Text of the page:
- One concern is the head gastek, I'm guessing I might have to replace that, and I'm guessing I could get a fat one to try and reduce my compression from stock some.
  • - I'm guessing the stock 295cc injectors will be plenty for my needs

Does this sound reasonable, or am I crazy?  Also, is there anyway to do this without using premium fuel?

I'm definitely going to need held when it comes to the megasquirt.

Thanks for reading if you make it this far!

B
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mosk
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Re: 22r Cheap, "Easy," Turbo
« Reply #1 on: March 11, 2008, 11:16:08 AM »

Hi and welcome. I don't think you're crazy, but I also doubt you can do this the first time out and get it right for $1000 -- even if your goals are "modest".

These are the problem areas I see:

1. This is a normally aspirated motor on a normally aspirated chassis, so you need to install an EFI fuel tank and EFI fuel  and fuel return lines, which I don't see in list (unless this was covered under "plumb everything".)

2. This is a high compression motor with 20 year old cast pistons, which means you have a small margin for error. Because you are running high compression pistons, you won't be able to run much ignition advance, This increases exhaust gas temps (EGTs), and high EGTs eat pistons. This is a potential show stopper.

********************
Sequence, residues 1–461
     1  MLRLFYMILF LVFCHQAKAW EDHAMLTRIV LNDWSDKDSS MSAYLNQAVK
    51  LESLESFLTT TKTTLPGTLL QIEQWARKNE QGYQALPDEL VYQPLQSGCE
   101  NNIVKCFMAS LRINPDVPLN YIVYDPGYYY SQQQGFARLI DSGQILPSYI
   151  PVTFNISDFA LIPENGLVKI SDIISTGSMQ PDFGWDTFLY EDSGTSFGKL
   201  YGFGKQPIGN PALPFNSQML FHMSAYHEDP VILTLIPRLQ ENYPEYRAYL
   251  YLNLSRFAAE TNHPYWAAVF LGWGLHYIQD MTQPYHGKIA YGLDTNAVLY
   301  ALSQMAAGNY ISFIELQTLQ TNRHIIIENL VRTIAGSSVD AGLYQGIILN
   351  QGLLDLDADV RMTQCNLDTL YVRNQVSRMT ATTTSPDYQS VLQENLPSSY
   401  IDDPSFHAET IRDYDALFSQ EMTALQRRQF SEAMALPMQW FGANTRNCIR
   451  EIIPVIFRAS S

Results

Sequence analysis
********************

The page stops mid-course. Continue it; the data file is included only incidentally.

3. This is a 20+ year old motor. Remember how they always advise sedentary folks to "consult your physician before beginning any exercise program"? Well, the same applies for 20 year old motors. Turbos break stuff. Power = heat, and in addition to making more power, turbos also generate a lot of heat themselves. So you had better take a close look at your cooling system, too. A 3-row radiator is a MUST. Your 20 year old hoses are also going to need replacement.